Some psychologists say that there is a duality in the Irish psychology which is striking.

‘we now turn our attention to the deep cultural importance of the underworld in Irish psychology. While stories of fairies, leprechauns and banshees may serve to instil fear in Irish children nowadays, they are vessels of a deeper culture.xi There is an intense dichotomy between the earth and the underworld.

The above-mentioned Book of Invasions tells of the Tuath De Danaan (the People of Danuxii), who were the occupiers of Ireland when the Milesians first came. According to the story, the Tuath De Danaan were driven underground where they continued to reside in ‘sidhe’ or fairy mounds and play an influential role in manipulating events in the world above.

This dualism with its attendant sense of dominant/recessive elements is reflected in many areas of Irish life. The Tuath de Dannan represent the magical, recessive component in the equation.

Jonathan Korowicz, Institute for Integrative Conflict Transformation and Peacebuilding, Vienna, Austria

Mr Korowicz also points out;

‘What is interesting here is the idea that the concept of place and not people is emphasized in defining Irishness. The Irish citizen in mythic terms feels himself to be part of a process i.e. one of many races in the same land. However, each race tends to overcome, obscure or dominate the previous race. Irishness is thus an experience combining concepts of destiny, suffering, sacrifice and exile/separation. This final component is evident both in the Leabhair Gabhala where the invading tribes are themselves exiles from other lands as well as in the 19th and 20th Centuries where exile is perpetrated on the Irish race for reasons of survival (the Great Famine) and psychological reasons (as in the writings of James Joyce – ‘the quintessential exiled writer of the twentieth century, who obsessively relates to his past by distancing himself from it.’)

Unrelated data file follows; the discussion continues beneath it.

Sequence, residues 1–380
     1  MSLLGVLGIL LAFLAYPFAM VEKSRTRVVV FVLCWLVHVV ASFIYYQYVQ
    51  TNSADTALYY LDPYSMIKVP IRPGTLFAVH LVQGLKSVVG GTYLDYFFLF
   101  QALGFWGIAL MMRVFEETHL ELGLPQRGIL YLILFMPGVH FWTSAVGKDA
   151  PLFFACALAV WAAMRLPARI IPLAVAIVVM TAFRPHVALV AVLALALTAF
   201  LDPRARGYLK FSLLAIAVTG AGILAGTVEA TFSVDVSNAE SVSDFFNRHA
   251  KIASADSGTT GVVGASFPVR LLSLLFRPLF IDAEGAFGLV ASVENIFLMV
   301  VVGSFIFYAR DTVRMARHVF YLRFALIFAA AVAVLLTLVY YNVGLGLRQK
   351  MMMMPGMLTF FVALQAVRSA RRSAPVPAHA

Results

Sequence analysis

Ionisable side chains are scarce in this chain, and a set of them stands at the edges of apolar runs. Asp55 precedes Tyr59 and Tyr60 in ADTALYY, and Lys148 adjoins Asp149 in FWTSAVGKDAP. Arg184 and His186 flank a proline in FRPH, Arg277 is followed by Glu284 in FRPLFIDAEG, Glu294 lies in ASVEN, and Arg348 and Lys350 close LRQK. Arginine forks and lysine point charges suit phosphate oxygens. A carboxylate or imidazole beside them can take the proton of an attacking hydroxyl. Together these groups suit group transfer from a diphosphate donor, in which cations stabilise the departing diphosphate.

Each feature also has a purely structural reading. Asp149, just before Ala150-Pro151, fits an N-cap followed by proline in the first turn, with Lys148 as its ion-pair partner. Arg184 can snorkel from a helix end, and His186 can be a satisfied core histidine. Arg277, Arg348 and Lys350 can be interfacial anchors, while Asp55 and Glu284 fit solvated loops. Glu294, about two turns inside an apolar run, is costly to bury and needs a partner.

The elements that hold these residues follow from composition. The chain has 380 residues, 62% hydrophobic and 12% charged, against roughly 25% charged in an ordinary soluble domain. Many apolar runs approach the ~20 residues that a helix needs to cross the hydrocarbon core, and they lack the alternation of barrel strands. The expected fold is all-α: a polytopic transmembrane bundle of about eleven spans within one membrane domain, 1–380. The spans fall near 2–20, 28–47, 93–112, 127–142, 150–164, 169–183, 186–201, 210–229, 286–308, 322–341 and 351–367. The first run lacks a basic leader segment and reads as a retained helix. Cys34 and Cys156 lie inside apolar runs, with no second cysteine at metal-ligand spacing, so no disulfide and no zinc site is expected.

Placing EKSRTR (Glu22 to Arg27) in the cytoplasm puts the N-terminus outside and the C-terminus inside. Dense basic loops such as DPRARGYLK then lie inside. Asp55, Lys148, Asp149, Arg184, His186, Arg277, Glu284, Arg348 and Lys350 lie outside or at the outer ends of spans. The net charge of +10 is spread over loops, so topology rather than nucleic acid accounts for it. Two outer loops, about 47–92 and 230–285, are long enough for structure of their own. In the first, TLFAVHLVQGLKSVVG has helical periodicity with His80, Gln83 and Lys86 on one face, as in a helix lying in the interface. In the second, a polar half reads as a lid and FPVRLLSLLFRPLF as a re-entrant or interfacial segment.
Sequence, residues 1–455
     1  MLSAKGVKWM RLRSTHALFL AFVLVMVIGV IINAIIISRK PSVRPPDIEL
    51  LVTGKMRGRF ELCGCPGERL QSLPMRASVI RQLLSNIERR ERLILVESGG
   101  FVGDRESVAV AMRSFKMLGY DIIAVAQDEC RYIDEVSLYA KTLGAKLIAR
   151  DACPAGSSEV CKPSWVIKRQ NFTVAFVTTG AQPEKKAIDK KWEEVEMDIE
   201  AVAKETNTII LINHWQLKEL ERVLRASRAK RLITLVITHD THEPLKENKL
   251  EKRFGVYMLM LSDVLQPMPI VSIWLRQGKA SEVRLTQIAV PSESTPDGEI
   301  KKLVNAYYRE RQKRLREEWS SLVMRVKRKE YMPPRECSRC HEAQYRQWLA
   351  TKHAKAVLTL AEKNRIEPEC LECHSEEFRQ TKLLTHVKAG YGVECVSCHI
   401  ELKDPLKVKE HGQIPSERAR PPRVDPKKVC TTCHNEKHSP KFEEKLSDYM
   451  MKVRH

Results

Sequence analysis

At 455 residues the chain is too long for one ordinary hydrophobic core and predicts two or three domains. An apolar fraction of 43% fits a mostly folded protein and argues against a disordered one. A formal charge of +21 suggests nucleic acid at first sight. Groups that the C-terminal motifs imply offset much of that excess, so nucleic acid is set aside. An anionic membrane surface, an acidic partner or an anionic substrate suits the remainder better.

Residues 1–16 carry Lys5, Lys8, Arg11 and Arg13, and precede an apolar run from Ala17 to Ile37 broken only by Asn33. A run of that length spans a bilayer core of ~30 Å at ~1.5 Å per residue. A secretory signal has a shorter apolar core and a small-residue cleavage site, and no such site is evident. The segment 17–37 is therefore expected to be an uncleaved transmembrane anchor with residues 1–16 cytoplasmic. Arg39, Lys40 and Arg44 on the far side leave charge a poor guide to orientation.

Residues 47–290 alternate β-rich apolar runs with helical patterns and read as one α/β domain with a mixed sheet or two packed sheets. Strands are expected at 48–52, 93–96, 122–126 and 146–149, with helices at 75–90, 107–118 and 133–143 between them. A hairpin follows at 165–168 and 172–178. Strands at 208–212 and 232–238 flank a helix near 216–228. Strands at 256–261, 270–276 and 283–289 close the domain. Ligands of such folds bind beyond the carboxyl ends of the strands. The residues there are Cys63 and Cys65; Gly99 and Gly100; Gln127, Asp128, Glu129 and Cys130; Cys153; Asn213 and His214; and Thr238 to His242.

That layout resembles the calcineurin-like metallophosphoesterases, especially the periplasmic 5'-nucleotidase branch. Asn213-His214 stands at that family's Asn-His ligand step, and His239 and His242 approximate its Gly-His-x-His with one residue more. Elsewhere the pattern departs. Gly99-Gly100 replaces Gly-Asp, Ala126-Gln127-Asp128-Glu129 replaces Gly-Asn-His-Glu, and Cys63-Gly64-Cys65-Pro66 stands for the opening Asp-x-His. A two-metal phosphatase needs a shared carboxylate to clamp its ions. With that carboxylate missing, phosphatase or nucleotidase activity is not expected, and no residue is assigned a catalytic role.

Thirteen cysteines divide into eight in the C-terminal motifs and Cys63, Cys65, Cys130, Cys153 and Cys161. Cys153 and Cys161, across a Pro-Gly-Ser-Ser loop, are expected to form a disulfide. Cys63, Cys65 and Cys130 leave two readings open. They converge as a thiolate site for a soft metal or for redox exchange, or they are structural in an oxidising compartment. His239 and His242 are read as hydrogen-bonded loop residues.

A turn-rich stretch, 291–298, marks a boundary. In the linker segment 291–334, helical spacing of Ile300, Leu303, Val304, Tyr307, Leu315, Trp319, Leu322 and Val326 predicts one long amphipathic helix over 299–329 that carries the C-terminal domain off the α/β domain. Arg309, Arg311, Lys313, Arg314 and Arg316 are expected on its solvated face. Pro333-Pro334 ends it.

I found this paper on a google search and wished to use it to prompt a discussion of Irish psychology if possible and what symbols from our mythology and folklore might indicate. There is the above and the below- this world and the underworld and that is ancient in our culture.

I myself refer to ‘Tir Na N’og’ Ireland whenever I feel we are responding to the theory of things and not the reality – the assumed separation of powers in the pillars of the state, the notion that abortion does not occur in Ireland because it takes place in the ‘otherworld’ beyond the departure gates and not at home. Tir Na N’og never feels more real to me when I detect this reaching for the theoretical by Irish opinion-formers- the pretence around the Celtic Tiger and the false economy of the boom being a kind of migration into fantasy and a bridge into the never-never land.

I have questions I’d love to hear answers on or at least opinions from other Irish people.

Do we undervalue our folklore and mythology and not recognise them as symbols of a language between us to which many of us have lost the key?

Are psychologists and historians right to pay so much attention to cultural symbols in order to describe traits in the Irish psychology?

Captain Con 3.12.08